“We analyse the trading pattern of the portfolio manager to try to gain a deep understanding of how they trade and how it has an impact on capital and liquidity. Then we explain to the manager how we compute the numbers so that they can do it themselves. It is the opposite of a black box, in that sense.”
One global market neutral multi-strategy shop that Hedgeweek spoke to runs a fund portfolio that comprises multiple different sub-strategies with different accounts and is well aware that some PBs treat asset classes better for margin relief than others.
“We therefore look to see how we can leverage one PB who might be better in fixed income compared to another PB who might be better in international equities, or one that can provide better intraday leverage for day trading. There are different leverage levels depending on the nature of the instruments being traded so leverage and pricing is an important consideration.
“Another big driver for us is knowing what the cap intro resources are. As we allocate to underlying sub-strategies, we find it useful for cap intro teams to send us suggestions for traders we should look into as well as make investor introductions,” they say.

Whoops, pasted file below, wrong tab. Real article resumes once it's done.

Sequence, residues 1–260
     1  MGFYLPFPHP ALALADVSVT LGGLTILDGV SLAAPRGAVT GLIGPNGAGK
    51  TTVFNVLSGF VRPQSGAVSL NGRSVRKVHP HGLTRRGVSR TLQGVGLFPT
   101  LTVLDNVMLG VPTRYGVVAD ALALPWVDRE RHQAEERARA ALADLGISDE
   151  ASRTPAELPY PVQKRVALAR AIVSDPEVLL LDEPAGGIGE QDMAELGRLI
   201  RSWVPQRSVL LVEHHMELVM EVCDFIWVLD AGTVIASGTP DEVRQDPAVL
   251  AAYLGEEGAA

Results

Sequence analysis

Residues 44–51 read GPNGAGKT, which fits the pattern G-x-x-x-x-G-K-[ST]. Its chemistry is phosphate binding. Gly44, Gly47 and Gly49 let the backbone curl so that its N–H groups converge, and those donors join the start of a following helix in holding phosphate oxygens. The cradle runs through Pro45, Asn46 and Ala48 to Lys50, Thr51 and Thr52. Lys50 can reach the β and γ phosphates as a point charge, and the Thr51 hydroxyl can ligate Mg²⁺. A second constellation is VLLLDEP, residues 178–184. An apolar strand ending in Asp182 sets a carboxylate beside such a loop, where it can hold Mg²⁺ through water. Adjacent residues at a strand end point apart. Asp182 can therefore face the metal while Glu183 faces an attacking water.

Alexander Kalis is Managing Partner and Head of Investments at Milltrust International LLP, an institutional allocator based in London and Singapore, which currently manages a range of specialist emerging market-focused fund products. Speaking with Hedgeweek on how he thinks about prime brokerage relationships when allocating to managers, he says that prior to the financial crisis, he would take into account the calibre of the PB a lot more than today because managers typically used a sole prime.
“Post the financial crisis, hedge funds started diversifying and using multiple prime brokers and I think the playing field has levelled out today, in terms of quality. Most primes are on par now in terms of their offering to managers and investors,” says Kalis.
Expanding on the comment regarding the importance of cap intro teams, from Kalis’s perspective as an investor in hedge funds, he thinks there is less enthusiasm and corporate support because a lot of these teams simply do not have the budgets or resources they once had. “It’s become more commoditised and there’s been a lot of turnover in cap intro teams over the years,” he says.